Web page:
These vocals are combined with a musicality that is equally as powerful – crushing at times, even – but never domineering; the grooves are loud and designed to get you moving, but never extinguish the importance of the lyrical matter accompanying them. MASS is an invitation for listeners to embark on open roads with open minds in order to digest its weighty themes – to go places in multiple senses of the word. The album name itself was even partly chosen as a reference to the American state, entrenched once again in personal fibres of Buick’s life. It’s the sort of sound that beckons flailing limbs and sweat-drenched skin, of throwing yourself around and lifting up your voice, and the inevitable sense of cathartic release that follows such an explosion of energy.
As you follow the album along, you’ll hear everything I’ve spoken of and more, though I’m loathe to take too much away from the joy of discovering the details for yourself. “Blue” unveils sumptuous harmonies and thick distortion that is more swaddling than oppressive, whereas “Fail” is a little more dissonant in its charm. “We Were Here” and “High Sun” punch hard too, hauling out more harmonies and rooting themselves in grounded basslines that rumble before the visceral lyrical callout of “Vampire”. Each and every one of these entwines the ardent delivery of Buick’s singing with mammoth instrumentals that tear away without relent, and we’ve barely scratched the surface.
“Distortion” is aptly named, flaunting tints of that dense, grungy bite I spoke of earlier. It’s also a fine example of the unity between vocals and bass, as they reflect one other in synchronicity to deliver a double-whammy of tuneful hooks. This is done frequently throughout MASS, to great effect, and really drives home some of those powerhouse melodies. “A Retraction” is a curiosity of a track: as its opening riff and first verse unfold, we’re treated to one of the more ominous auditory vibes on MASS, then it expands into a chorus progression that seems rooted in arguably warmer waters. Then, “Move” perfectly encapsulates that aforementioned vocal grit, even throwing in an unexpected but wholly welcome key change. Dwelling on it now, those feel like a staple of a bygone era of rock music – one that has seemingly dwindled in usage now – which is a shame, given their general ability to heighten intensity and interaction from a crowd…but I digress.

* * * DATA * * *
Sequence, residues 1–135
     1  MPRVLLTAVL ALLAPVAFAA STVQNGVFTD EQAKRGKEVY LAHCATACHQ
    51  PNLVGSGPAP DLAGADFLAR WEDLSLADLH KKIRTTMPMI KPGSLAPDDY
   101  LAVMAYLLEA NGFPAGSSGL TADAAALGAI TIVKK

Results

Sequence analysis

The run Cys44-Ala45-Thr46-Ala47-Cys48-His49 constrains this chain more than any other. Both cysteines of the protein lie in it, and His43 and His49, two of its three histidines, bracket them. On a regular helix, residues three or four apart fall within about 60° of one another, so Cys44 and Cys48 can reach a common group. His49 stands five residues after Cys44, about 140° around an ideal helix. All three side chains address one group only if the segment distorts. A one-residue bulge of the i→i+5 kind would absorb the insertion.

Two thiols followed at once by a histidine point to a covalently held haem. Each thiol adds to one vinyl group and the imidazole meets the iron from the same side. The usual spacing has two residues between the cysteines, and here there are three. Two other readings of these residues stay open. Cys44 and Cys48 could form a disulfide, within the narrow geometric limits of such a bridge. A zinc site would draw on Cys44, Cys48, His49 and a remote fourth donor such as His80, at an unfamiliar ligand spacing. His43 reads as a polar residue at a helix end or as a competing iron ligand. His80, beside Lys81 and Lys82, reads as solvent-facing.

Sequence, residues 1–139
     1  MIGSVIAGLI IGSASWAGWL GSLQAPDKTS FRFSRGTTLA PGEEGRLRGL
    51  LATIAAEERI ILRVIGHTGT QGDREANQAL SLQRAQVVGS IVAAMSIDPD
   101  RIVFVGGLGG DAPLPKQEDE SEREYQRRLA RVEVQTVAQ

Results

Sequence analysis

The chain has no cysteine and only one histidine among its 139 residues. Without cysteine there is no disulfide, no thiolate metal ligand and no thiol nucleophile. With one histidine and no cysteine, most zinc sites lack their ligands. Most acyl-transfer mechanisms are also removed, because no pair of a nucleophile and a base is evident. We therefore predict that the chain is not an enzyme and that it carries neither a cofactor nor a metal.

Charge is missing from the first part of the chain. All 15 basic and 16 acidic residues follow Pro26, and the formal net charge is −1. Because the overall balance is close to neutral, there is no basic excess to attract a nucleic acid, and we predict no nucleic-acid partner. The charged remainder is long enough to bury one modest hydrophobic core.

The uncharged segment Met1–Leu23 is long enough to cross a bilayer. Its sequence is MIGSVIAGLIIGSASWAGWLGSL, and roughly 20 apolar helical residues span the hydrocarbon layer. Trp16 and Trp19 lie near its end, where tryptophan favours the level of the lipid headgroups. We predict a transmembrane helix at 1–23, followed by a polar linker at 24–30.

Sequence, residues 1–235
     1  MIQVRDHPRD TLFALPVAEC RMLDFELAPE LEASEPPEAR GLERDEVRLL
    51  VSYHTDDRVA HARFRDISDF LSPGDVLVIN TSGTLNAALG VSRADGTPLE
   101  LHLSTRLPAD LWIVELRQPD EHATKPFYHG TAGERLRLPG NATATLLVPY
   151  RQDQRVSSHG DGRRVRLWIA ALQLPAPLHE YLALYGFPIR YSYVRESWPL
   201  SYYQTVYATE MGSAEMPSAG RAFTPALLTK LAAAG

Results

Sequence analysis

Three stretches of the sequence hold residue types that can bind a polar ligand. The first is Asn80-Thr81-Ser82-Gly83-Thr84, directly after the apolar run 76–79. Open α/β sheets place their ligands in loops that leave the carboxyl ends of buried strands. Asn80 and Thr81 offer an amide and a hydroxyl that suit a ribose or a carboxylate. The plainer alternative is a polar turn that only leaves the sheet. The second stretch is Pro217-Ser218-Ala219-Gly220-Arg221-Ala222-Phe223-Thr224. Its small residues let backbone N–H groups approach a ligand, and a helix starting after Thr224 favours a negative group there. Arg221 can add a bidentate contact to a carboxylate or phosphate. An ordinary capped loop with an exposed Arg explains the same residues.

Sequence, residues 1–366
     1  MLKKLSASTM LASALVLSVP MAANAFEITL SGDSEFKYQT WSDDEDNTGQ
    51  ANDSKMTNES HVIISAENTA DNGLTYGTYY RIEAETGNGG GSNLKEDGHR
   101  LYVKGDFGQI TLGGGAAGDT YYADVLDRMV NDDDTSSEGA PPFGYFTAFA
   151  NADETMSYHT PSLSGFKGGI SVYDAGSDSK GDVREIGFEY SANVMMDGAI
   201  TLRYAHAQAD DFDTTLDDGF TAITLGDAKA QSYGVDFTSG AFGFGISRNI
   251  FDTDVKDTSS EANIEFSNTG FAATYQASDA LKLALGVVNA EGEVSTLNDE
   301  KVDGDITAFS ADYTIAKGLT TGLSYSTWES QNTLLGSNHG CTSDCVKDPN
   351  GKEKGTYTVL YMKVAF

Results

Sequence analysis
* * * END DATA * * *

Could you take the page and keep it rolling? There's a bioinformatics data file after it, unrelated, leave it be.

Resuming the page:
At the album’s end, we are treated to an unexpected and thought-provoking serving of spoken word. Given what’s preceded it, “Dissonance” is utterly disarming, offering insights and further context into moments previously explored on MASS. It’s also yet another instance of Friendship Commanders being, well, commanding: it demands attention as Buick tenderly bears her heart and mind without the accompaniment of Jerry or anything beside her own voice. It’s a stark and enigmatic finish to the LP, for sure, and I would also compel you to seriously consider reading Buick’s accompanying memoir, which only enriches the experience of this record even further.
Ultimately, when it comes to MASS, friendship isn’t the only thing being commanded here. In the previous article, David alluded to a sense of camaraderie and familiarity borne from the trials and tempests, the uncertainties and unfulfillments that helped carve MASS into existence. I get that; I feel it too, though not for all the same reasons as my pal. Yet, as potent as that perceived sense of kinship is, a more simplistic but equally arresting quality lies at the heart of this record. There are no gimmicks here to bait you into listening – it stands firmly on the merits of excellent songwriting and boisterously enjoyable performances from a hugely talented duo. It’s an added bonus that when you drill deeper into the melodic rock of Friendship Commanders, you find a richness and relatability in the messages of MASS. Perhaps you’ll even find that it’s something to bolster you in your own times of turmoil: as Helen Keller once said, ‘Walking with a friend in the dark is better than walking alone in the light.’